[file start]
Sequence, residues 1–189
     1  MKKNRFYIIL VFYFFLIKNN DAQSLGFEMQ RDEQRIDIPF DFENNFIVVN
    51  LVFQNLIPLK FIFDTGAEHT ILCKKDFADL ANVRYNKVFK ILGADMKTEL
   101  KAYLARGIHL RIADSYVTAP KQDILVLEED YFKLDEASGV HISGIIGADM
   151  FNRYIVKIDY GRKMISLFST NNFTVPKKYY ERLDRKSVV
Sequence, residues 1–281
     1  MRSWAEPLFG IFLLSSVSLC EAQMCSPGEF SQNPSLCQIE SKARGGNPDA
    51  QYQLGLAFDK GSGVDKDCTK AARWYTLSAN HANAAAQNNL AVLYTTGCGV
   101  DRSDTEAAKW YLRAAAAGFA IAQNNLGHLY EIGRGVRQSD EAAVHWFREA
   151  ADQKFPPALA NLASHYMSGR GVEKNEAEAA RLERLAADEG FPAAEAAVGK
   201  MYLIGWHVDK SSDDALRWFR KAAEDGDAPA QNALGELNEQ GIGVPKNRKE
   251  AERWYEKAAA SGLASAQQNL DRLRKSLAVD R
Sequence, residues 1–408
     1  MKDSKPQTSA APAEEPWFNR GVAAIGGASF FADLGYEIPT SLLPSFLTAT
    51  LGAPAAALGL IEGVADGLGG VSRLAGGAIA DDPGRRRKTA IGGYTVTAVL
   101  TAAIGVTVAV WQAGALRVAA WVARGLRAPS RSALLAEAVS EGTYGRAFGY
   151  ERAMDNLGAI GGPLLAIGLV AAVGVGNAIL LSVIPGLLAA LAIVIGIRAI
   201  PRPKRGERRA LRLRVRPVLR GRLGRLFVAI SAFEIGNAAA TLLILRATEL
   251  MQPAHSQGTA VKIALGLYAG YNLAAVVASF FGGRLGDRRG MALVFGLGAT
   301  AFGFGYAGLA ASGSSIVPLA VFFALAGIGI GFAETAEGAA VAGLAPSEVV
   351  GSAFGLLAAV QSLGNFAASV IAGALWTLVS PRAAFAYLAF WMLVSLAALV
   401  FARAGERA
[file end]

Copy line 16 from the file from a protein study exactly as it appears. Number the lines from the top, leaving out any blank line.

   101  TAAIGVTVAV WQAGALRVAA WVARGLRAPS RSALLAEAVS EGTYGRAFGY